Ed Balloff died Saturday at age 94. Mr. Balloff was many things in his long life: World War II veteran, Vanderbilt alum, attorney, clothing merchant, pillar of the community in Campbell County. He was also a consumate gentleman, one of the nicest human beings on the planet. If you ever met him, I’m not telling you anything you hadn’t already figured out. But he was also a diehard Tennessee basketball fan and played a unique role in some of the program’s best days.
I wasn’t in Knoxville yet so I don’t know how it came to be that “Mr. B” became John Ward’s driver on basketball road trips. But for years Ed Balloff drove John around the SEC and elsewhere so John could bring the game back home over the Vol Network radio waves. Ward, signing off, would refer to Mr. Balloff as ‘director of transportation’ or something like that.
From talking to Ed and others, the road trips were meticuously planned and adhered to time-honored routines. When I’d show up at a gym in Starkville or Tuscaloosa, Ed would be in the media room, happy to chat. But during the games he would often disappear. He couldn’t stand the tension of a tight game in which the Vols might be in peril of defeat. A couple of years ago I asked him to confirm the story of a game in Memorial Coliseum in Lexington during the “Ernie & Bernie” years. He admitted, yes, he did retreat to the men’s restroom under the stands to suffer in solitude.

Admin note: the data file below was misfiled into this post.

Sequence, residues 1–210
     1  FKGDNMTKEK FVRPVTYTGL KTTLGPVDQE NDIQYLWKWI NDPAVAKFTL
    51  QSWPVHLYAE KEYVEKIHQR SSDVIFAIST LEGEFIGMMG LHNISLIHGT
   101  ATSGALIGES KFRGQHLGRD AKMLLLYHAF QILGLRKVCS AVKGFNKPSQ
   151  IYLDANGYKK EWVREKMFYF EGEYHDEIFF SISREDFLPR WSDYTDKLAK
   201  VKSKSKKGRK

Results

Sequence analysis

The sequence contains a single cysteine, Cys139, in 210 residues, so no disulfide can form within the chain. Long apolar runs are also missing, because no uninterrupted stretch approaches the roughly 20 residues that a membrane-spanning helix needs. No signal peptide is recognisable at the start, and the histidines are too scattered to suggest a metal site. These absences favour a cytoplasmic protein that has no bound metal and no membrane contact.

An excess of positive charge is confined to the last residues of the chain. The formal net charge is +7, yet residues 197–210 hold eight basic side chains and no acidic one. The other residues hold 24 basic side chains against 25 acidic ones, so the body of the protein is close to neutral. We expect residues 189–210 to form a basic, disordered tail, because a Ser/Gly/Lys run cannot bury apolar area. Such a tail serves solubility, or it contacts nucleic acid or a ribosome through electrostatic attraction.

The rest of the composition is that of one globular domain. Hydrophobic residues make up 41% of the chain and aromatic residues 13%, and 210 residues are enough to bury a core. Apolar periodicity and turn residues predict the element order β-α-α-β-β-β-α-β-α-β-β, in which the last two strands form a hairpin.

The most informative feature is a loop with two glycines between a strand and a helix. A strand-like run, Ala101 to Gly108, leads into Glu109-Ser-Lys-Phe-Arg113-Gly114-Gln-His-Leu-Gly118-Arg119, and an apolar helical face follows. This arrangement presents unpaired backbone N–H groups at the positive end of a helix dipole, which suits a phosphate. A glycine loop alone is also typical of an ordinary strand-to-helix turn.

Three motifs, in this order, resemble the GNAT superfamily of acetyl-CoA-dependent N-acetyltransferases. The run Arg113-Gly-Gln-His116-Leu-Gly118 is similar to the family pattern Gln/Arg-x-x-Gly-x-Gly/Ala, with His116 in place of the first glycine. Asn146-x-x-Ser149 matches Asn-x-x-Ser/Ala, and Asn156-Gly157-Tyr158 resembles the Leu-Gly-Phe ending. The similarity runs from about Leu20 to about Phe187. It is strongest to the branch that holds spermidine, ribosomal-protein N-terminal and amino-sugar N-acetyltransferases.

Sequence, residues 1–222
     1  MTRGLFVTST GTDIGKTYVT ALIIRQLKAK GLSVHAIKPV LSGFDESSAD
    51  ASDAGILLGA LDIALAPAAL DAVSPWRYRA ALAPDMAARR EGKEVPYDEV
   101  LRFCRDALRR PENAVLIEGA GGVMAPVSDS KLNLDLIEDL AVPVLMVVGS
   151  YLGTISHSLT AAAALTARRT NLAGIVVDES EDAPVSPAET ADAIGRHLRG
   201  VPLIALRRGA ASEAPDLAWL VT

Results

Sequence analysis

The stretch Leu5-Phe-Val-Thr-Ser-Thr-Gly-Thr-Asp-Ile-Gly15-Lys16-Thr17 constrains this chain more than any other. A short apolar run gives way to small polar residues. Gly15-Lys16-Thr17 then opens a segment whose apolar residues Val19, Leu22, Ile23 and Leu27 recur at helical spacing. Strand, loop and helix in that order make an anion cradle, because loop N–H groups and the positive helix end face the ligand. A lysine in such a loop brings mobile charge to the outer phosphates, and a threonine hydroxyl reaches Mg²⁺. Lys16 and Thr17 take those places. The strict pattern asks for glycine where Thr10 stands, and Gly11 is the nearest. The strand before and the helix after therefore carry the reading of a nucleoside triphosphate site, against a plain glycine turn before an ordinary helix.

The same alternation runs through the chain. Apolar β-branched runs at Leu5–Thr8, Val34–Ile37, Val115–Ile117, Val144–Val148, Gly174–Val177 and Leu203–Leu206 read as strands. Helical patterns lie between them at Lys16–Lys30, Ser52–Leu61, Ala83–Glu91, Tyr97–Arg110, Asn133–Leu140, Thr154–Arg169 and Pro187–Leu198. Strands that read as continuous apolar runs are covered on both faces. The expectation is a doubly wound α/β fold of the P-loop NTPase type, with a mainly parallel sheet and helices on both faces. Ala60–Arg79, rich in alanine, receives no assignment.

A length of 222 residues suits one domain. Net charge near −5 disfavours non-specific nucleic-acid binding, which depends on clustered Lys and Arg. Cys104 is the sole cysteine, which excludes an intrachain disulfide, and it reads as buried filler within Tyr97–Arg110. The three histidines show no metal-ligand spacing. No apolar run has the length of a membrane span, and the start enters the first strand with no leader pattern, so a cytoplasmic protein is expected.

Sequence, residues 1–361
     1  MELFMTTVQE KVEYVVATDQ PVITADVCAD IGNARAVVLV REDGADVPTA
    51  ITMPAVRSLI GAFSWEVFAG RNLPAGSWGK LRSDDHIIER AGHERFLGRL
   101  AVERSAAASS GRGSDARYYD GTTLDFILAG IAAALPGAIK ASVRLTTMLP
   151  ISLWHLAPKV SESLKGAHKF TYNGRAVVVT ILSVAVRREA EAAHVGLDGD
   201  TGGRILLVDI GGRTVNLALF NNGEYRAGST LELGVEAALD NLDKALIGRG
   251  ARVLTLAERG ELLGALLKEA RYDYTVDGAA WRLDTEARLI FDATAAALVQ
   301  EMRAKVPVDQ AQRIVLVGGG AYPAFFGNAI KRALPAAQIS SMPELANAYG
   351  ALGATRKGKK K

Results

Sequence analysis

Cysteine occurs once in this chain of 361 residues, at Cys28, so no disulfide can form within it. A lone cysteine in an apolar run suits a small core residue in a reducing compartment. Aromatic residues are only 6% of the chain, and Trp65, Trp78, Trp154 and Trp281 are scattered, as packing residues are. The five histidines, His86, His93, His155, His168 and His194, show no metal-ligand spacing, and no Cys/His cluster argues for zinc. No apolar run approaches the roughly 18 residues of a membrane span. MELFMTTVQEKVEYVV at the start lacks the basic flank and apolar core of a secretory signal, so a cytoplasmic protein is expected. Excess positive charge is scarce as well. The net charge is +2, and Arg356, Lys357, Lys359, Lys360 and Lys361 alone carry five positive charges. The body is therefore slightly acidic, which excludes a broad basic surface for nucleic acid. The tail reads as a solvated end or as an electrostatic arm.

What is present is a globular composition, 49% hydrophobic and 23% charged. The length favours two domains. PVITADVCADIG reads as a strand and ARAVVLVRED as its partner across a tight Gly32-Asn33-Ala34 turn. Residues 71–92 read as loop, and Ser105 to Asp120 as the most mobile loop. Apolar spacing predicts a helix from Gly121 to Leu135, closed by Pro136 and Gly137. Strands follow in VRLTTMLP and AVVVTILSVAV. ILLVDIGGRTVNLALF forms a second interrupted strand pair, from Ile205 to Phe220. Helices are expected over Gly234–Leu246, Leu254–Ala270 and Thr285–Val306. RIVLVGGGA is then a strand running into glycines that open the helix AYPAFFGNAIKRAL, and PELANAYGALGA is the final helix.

“True story,” Mr. Balloff said. “I’d hear the roar when Kentucky scored. So I turned on all the faucets and flushed all the toilets and went from one to the other doing that. Then it got very quiet. And I knew we won the game.”
That was the 90-88 overtime when in 1976 when Ernie Grunfeld scored 43 points and Bernard King made the game-winning shot virtually from the seat of his pants.
Mr. Balloff had a special relationship with Grunfeld. He told me when Grunfeld came on his recruiting visit from New York, coach Ray Mears asked Ed, who was Jewish, to take Grunfeld to lunch. Mr. Balloff and Grunfeld remained friends for life.
After John Ward called his last game in 1999, I didn’t see Mr. Balloff around very often. It was a treat when I did. He remained active until the end, practicing law in LaFollette. The world would be better off with more kind souls like Ed Balloff.